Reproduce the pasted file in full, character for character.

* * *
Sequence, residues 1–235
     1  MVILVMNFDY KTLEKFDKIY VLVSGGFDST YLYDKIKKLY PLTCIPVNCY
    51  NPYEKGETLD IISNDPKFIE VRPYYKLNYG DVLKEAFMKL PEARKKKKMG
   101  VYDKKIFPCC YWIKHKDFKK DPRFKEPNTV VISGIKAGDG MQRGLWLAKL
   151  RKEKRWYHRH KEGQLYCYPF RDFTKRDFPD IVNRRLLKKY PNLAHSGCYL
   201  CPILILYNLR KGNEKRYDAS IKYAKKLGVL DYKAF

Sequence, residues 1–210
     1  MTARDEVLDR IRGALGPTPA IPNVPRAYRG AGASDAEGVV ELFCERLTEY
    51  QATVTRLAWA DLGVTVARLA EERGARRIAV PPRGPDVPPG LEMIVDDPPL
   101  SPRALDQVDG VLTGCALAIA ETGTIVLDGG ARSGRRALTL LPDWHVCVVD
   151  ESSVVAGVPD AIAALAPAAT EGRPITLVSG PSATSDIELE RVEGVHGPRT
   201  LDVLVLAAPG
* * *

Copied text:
Sequence, residues 1–235
     1  MVILVMNFDY KTLEKFDKIY VLVSGGFDST YLYDKIKKLY PLTCIPVNCY
    51  NPYEKGETLD IISNDPKFIE VRPYYKLNYG DVLKEAFMKL PEARKKKKMG
   101  VYDKKIFPCC YWIKHKDFKK DPRFKEPNTV VISGIKAGDG MQRGLWLAKL
   151  RKEKRWYHRH KEGQLYCYPF RDFTKRDFPD IVNRRLLKKY PNLAHSGCYL
   201  CPILILYNLR KGNEKRYDAS IKYAKKLGVL DYKAF

Sequence, residues 1–210
     1  MTARDEVLDR IRGALGPTPA IPNVPRAYRG AGASDAEGVV ELFCERLTEY
    51  QATVTRLAWA DLGVTVARLA EERGARRIAV PPRGPDVPPG LEMIVDDPPL
   101  SPRALDQVDG VLTGCALAIA ETGTIVLDGG ARSGRRALTL LPDWHVCVVD
   151  ESSVVAGVPD AIAALAPAAT EGRPITLVSG PSATSDIELE RVEGVHGPRT
   201  LDVLVLAAPG